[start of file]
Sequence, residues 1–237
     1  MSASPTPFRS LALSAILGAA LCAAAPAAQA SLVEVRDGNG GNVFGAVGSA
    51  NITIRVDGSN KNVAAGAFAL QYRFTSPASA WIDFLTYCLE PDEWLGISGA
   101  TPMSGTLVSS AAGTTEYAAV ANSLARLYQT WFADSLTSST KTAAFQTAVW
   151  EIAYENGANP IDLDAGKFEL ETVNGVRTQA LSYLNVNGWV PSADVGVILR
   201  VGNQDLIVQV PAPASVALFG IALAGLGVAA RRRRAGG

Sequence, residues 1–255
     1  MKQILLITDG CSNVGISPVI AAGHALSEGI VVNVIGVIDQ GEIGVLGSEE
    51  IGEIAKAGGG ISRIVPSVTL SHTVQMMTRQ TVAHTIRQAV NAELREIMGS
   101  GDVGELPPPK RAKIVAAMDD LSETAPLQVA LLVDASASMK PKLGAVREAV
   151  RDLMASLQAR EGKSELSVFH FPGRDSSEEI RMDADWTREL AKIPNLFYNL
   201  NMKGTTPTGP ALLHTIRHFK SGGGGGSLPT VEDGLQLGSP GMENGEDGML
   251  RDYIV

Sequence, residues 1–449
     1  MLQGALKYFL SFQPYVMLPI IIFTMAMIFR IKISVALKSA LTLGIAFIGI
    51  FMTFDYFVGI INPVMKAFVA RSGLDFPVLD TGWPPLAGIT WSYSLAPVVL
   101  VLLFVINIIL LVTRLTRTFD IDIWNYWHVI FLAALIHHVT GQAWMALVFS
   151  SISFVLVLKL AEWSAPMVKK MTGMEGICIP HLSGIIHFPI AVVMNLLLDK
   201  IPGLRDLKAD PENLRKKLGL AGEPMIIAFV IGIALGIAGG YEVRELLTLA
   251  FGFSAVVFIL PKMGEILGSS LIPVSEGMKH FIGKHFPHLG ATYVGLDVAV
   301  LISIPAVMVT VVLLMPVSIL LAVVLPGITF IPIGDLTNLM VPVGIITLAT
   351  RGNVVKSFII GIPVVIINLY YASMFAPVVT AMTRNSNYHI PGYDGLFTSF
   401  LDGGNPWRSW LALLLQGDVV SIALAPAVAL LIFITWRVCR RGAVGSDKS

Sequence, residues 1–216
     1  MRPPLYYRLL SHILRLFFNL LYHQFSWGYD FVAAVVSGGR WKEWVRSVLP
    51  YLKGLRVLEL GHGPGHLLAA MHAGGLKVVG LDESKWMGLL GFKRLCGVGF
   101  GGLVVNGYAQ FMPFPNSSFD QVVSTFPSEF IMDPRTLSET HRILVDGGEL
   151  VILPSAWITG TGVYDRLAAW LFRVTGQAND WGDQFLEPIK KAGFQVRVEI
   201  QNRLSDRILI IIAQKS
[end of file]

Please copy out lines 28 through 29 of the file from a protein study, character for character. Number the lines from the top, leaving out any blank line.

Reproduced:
   151  VILPSAWITG TGVYDRLAAW LFRVTGQAND WGDQFLEPIK KAGFQVRVEI
   201  QNRLSDRILI IIAQKS